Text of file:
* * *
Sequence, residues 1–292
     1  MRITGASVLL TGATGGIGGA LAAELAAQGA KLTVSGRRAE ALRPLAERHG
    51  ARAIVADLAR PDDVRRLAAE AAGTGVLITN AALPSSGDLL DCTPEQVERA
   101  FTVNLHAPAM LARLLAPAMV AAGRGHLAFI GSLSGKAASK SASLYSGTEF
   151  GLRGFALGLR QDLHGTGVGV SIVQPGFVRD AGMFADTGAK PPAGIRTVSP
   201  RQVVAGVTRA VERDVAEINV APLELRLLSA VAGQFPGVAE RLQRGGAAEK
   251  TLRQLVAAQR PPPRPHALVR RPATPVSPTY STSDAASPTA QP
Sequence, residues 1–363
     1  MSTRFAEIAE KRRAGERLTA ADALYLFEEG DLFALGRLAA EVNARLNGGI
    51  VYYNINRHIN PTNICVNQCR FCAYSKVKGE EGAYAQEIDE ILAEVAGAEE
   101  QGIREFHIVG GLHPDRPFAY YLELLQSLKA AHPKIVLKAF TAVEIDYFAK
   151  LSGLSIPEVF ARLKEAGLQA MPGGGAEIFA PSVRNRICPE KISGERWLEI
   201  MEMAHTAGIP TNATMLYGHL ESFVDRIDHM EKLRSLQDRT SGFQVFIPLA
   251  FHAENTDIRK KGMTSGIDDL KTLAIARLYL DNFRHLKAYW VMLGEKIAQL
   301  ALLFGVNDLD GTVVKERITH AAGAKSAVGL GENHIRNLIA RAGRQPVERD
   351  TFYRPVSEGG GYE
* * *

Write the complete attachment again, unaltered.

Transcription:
Sequence, residues 1–292
     1  MRITGASVLL TGATGGIGGA LAAELAAQGA KLTVSGRRAE ALRPLAERHG
    51  ARAIVADLAR PDDVRRLAAE AAGTGVLITN AALPSSGDLL DCTPEQVERA
   101  FTVNLHAPAM LARLLAPAMV AAGRGHLAFI GSLSGKAASK SASLYSGTEF
   151  GLRGFALGLR QDLHGTGVGV SIVQPGFVRD AGMFADTGAK PPAGIRTVSP
   201  RQVVAGVTRA VERDVAEINV APLELRLLSA VAGQFPGVAE RLQRGGAAEK
   251  TLRQLVAAQR PPPRPHALVR RPATPVSPTY STSDAASPTA QP
Sequence, residues 1–363
     1  MSTRFAEIAE KRRAGERLTA ADALYLFEEG DLFALGRLAA EVNARLNGGI
    51  VYYNINRHIN PTNICVNQCR FCAYSKVKGE EGAYAQEIDE ILAEVAGAEE
   101  QGIREFHIVG GLHPDRPFAY YLELLQSLKA AHPKIVLKAF TAVEIDYFAK
   151  LSGLSIPEVF ARLKEAGLQA MPGGGAEIFA PSVRNRICPE KISGERWLEI
   201  MEMAHTAGIP TNATMLYGHL ESFVDRIDHM EKLRSLQDRT SGFQVFIPLA
   251  FHAENTDIRK KGMTSGIDDL KTLAIARLYL DNFRHLKAYW VMLGEKIAQL
   301  ALLFGVNDLD GTVVKERITH AAGAKSAVGL GENHIRNLIA RAGRQPVERD
   351  TFYRPVSEGG GYE